A debate on Wednesday pitted meat eaters against vegetarians in a culinary showdown for the ages at Linsly-Chittenden Hall.
John Mackey, co-founder and CEO of Whole Foods, and Bruce Friedrich, executive director of the Good Food Institute, debated Xavier Sottile ’19 and Adam Krok ’19 of the Yale Debate Association on the topic of whether eating meat is healthy and ethical.
During the debate, organized by the Yale Effective Altruists and the Yale Animal Welfare Alliance, Mackey presented a case against eating meat for health reasons. He presented various studies that show meat consumption leads to increased risk of cancer, mortality, heart diseases and diabetes. Arguing alongside Mackey, Friedrich presented the case that eating meat is unethical in light of concerns relating to global poverty, climate change and animal cruelty. On the other side, Sottile and Krok argued that eating meat is neither inherently unhealthy nor unethical.
“All major studies show an increase in disease and death from low-carbohydrate diets,” Mackey said. “No studies of high-carbohydrate diets show similar effects.”
Mackey argued that the increase in obesity across the world and in the United States can be attributed to the rapid increase in per capita meat consumption. He also presented examples of people whose health improved dramatically after participating in a total health immersion program in which participants were paid to live on a completely vegetarian diet for a given period of time.
Raising farm animals for meat consumption is a vastly inefficient use of grain, Friedrich said, adding that humans would benefit more if they consumed grain directly. Additionally, he stressed that slaughterhouses and transport facilities that ship animal feed pollute the environment. According to Friedrich, animal agriculture is one of the most significant contributors to climate change.
Friedrich also argued that farm animals should be treated ethically, just like domestic animals. More than 95 percent of modern farms would face animal cruelty charges if the farm animals were dogs or cats. Animals are humans’ evolutionary cousins and individuals in their own right, Friedrich said.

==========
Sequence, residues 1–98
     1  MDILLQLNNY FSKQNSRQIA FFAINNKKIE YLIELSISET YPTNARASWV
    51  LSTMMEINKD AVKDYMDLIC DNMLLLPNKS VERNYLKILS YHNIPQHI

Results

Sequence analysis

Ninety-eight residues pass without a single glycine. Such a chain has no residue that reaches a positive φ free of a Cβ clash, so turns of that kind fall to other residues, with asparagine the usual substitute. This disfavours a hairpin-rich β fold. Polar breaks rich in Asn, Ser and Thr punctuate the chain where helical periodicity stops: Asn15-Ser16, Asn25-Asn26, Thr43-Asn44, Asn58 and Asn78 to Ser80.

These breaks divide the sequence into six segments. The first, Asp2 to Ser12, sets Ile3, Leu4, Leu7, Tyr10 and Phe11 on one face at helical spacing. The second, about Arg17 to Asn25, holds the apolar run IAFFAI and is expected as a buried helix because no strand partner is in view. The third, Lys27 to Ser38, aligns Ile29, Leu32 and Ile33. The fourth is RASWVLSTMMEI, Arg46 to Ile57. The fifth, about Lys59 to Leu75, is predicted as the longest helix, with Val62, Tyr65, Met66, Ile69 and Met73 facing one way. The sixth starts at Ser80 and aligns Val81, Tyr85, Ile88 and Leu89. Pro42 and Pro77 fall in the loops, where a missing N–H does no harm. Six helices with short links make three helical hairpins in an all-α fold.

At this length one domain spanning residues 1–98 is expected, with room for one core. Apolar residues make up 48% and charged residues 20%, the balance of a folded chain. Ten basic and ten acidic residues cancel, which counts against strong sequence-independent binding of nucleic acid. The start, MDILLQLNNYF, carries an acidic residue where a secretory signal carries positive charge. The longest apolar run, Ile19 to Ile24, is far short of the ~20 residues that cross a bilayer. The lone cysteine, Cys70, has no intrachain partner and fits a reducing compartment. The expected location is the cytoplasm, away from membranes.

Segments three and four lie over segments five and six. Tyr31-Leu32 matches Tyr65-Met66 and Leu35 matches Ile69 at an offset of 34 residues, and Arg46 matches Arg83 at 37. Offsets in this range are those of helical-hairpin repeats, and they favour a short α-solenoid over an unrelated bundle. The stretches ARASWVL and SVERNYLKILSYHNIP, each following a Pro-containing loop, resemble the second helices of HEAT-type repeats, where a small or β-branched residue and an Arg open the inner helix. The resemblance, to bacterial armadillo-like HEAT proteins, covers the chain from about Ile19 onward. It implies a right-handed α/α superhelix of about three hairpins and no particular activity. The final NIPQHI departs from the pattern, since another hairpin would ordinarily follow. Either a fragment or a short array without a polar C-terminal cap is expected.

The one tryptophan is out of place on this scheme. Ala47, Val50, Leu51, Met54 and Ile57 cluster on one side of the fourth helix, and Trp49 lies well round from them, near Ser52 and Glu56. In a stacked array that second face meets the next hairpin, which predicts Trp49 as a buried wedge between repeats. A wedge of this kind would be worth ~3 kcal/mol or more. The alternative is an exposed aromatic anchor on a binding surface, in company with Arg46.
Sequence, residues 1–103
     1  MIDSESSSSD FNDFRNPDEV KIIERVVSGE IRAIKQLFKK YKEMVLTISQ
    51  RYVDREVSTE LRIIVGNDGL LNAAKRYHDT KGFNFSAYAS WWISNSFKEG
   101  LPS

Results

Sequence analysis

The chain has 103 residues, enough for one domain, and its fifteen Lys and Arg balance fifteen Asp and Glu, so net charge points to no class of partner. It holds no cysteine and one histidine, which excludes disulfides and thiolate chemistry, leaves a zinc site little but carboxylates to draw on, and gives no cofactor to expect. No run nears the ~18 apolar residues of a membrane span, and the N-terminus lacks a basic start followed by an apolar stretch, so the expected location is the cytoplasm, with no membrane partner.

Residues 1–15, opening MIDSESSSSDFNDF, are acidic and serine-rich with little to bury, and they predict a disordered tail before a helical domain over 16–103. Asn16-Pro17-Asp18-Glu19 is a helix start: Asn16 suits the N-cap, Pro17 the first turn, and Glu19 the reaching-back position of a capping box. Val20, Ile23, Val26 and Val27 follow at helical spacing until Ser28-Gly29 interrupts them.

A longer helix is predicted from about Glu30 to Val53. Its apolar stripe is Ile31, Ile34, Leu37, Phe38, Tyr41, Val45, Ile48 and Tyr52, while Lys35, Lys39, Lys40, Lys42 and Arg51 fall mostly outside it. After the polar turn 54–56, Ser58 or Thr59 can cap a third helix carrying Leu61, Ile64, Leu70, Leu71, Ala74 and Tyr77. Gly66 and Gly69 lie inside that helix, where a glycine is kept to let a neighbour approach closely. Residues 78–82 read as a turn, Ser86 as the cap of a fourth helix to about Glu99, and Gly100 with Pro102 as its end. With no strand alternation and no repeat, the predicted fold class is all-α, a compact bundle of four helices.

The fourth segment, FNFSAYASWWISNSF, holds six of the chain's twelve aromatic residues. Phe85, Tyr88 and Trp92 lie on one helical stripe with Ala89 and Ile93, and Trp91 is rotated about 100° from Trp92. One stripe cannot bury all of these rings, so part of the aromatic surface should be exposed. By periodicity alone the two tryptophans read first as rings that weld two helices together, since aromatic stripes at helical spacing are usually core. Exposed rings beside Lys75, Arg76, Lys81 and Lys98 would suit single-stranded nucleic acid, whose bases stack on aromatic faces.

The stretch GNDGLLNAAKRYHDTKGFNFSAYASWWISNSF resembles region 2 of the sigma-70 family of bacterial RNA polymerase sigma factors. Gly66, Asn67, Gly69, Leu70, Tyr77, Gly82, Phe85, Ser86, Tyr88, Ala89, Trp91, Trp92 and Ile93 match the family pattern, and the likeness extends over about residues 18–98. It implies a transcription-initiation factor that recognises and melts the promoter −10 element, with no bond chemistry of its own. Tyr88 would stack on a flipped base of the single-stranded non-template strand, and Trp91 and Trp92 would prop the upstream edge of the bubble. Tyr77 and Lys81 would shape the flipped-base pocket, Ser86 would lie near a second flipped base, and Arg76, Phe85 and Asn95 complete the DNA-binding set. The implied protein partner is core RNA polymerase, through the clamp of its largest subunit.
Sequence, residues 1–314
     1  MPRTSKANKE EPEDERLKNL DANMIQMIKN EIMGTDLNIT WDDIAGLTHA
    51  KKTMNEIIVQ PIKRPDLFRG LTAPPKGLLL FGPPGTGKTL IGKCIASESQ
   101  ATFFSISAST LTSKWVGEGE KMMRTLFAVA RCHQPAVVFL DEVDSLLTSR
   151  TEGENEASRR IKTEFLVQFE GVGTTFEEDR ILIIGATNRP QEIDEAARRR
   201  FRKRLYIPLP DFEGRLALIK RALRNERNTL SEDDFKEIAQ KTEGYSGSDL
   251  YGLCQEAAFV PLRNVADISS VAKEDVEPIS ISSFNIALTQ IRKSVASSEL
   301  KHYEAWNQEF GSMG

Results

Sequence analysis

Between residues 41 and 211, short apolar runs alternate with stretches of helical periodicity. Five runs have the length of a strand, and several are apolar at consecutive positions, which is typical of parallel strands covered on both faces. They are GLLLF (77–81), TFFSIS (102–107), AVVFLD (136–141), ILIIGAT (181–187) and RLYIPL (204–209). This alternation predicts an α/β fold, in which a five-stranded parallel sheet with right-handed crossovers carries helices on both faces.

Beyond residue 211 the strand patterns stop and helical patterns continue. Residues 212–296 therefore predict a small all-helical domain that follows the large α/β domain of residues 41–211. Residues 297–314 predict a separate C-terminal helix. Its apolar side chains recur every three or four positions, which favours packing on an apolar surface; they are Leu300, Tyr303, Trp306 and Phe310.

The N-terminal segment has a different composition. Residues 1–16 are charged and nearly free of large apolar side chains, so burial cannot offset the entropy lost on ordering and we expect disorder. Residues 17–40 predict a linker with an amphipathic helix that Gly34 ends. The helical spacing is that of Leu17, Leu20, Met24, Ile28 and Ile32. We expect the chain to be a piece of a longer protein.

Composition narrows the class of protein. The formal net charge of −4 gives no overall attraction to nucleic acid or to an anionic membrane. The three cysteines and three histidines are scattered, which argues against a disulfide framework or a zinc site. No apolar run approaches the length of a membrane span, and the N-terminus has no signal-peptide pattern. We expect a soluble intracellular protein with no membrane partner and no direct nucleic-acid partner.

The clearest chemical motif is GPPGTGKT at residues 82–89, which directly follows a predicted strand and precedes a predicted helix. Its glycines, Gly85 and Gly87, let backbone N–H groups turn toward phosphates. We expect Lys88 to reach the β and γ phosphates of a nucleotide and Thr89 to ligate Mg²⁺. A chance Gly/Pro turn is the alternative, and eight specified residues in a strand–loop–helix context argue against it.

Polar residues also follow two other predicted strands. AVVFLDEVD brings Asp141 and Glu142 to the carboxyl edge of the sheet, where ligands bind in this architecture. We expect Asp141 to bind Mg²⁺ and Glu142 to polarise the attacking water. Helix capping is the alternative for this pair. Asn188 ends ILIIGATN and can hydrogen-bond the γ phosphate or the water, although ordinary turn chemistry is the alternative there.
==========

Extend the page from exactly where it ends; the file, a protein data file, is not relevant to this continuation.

In response, Sottile argued that meat can be eaten healthily. He said it is difficult to isolate a single variable when comparing different individuals: Just because obesity and meat consumption rates have both increased, he said, does not prove there is a causal link between the two. Sottile also contended that the proposition under discussion presented a case for eating less meat, not entirely forgoing meat.
Moreover, Sottile said, many of the benefits attributed to vegetarianism are not directly related to vegetarianism, but rather to the fact that vegetarians tend to be wealthier, have healthier habits and care more about their health than nonvegetarians. Sottile argued that meats have nutritional value that is less likely to be found in nonanimal foods. Instead of excluding all meat from their diet, Sottile argued that people should find a healthy middle ground.
Krok defended the position that people can consume meat while still being careful to minimize animal suffering. Krok accepted that animals deserve equal consideration when it comes to pain and pleasure, but argued that the only ethical duty humans have is to eat meat that is humanely raised. He argued that living on a farm is the best existence animals could ever have, since they are well-fed and free from attacks by predators. To have lived a brief but happy life is at least no worse than never existing at all, he said.
Krok added that if all animals are created equal, veganism should also be considered unethical because pesticides and rodenticides used in raising crops kill numerous small animals. But intuitively, it is generally not believed that animals are equal to humans, because anyone would choose to save a man over a cow, Krok said.
After the debaters finished presenting their arguments, they participated in a Q&A session with audience members.
“It was really great that they brought those speakers here, and that they were even raising the question of whether eating meat is ethical,” said Grace Aaronson ’21. “That’s a really important topic — it’s very relevant, especially regarding climate change.”
As a vegan, Aaronson said she agreed completely with the proposition argument, but added that if she were not vegan, she likely would not have been convinced. She also noted that she was hoping the debaters would distinguish between vegetarianism and veganism, but that instead they lumped meat and dairy products together. Overall, Aaronson said, she didn’t think there was a clear winner.
Joshua Monrad ’20, co-president of the Yale Effective Altruists, said his organization was interested in co-hosting the event because the question of whether meat should be consumed is relevant to its goals.
“Effective Altruism is at its core about improving the state of the world as much as possible and given the severity and scale of factory farming in the US and the world, that makes this a pretty obvious case for Effective Altruists to work on,” Monrad said.
In an interview with the News after the debate, Krok said that despite arguing on the opposition side, he does not have a strong opinion on the topic. He agreed with the proposition that modern factory farming causes an extraordinary amount of animal suffering and that people have some obligation to help animals.
“Your power determines the market and you actually are part of a process even though you don’t know the end results,” Krok said.
But he added that he disagrees with some animal rights activists who equate human suffering with animal suffering, saying he stands by the claim that there is a humane way to eat meat.
The Yale Debate Association was founded in 1908.
Eui Young Kim | email@example.com